Stock photography is not an easy way to make money from your photos. There is so much competition these days that prices have steadily dropped in the last 10 to 15 years. Once upon a time, you could make a lot of money from being a stock photographer. While those days are gone, there are still opportunities out there to make money from your photos if you know how to. That goes beyond just supplying some images and sitting around waiting for sales to come in. So if you have found that your stock images are not selling, these could be some of the reasons why.
It’s not the photos, it’s the subject
One of the biggest mistakes that those new to stock photography make is to treat it the same way as when they are photographing for personal projects. The first and most important lesson to learn before wanting to become a stock photographer is that stock photography requires a completely different approach to say commercial photography or when you are photographing as a hobby. This includes everything from your subject to the style and treatment of the photo in post-production.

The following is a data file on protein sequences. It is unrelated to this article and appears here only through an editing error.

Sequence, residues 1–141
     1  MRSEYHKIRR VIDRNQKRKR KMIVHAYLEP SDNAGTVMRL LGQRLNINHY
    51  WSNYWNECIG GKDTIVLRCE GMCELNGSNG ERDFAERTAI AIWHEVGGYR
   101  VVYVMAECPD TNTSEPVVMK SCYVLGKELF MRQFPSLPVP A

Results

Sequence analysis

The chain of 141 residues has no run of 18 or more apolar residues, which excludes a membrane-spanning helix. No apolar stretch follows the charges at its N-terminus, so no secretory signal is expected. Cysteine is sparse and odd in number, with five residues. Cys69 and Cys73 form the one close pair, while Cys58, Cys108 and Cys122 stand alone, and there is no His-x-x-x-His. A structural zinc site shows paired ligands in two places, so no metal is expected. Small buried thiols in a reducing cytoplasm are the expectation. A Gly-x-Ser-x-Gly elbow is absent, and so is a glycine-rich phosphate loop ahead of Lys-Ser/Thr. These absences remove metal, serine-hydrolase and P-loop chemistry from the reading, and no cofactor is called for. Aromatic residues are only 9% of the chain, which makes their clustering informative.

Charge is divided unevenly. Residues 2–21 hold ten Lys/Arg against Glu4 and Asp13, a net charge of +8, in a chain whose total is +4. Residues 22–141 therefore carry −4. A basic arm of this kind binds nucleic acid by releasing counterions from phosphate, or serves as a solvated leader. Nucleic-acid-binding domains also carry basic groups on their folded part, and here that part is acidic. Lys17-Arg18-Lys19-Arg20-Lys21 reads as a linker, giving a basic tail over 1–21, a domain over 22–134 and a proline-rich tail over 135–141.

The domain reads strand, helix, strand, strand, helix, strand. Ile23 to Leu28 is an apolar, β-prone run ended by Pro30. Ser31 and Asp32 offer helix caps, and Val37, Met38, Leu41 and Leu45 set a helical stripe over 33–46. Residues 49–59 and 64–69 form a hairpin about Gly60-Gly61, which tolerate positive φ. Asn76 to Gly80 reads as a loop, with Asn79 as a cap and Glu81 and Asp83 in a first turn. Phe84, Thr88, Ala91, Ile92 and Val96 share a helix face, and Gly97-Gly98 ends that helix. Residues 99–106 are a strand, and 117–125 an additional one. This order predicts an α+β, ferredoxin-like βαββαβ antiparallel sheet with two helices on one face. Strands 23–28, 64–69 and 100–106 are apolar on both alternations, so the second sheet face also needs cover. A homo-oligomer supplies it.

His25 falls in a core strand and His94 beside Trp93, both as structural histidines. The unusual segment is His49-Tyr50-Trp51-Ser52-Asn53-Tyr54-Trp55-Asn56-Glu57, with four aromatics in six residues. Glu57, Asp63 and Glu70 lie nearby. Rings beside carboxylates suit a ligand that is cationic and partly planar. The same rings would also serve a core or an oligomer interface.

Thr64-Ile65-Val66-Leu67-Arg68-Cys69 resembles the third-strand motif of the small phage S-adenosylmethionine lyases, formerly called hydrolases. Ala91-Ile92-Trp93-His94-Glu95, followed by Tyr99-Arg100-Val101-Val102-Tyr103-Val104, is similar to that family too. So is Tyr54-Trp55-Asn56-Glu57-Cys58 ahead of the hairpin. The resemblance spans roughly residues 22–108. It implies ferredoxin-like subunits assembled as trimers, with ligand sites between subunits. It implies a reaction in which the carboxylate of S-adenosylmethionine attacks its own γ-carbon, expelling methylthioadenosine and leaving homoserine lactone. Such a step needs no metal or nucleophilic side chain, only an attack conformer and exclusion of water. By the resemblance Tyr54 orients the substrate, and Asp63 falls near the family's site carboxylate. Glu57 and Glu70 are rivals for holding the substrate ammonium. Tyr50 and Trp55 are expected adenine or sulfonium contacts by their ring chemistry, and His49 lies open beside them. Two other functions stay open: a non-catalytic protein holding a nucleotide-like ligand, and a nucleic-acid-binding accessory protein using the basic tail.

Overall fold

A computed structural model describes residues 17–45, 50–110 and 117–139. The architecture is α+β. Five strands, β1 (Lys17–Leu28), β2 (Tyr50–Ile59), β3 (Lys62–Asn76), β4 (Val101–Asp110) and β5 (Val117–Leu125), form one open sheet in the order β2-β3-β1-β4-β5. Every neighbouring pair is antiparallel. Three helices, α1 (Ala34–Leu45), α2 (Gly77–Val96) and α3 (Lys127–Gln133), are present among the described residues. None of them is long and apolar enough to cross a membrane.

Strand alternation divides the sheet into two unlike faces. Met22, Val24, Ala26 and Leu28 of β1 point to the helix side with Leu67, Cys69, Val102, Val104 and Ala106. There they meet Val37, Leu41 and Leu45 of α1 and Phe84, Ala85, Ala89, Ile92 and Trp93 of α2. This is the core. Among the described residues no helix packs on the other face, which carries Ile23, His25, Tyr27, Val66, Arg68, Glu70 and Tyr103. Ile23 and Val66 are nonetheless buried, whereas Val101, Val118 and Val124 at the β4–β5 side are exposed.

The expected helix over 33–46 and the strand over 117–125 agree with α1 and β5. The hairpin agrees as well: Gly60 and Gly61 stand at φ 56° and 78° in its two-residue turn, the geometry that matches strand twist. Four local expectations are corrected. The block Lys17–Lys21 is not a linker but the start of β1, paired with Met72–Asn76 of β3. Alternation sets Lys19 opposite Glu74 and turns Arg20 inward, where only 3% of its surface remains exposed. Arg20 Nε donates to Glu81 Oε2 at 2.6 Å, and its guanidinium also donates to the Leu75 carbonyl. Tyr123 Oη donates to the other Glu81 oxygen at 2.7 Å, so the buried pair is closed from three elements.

For example, you may love venturing far away to off the beaten path places. But they will never be big sellers in stock photography as there just isn’t the demand for it. A small village in Africa is never going to sell as many photos as a village in Southern France. This is simply to do with demand. This also extends to the look and style of the photo. For example, a moody or muted landscape scene might look better than beautiful blue skies, but they just don’t sell as well for say newsstand magazines. Or those Instagram type shot might look great on social media, but would a calendar company use them?
So if your photos are not selling, it might simply be because they are not right for stock photography. It doesn’t mean they are bad photos, it just means they are not right for that market.
You don’t have enough variety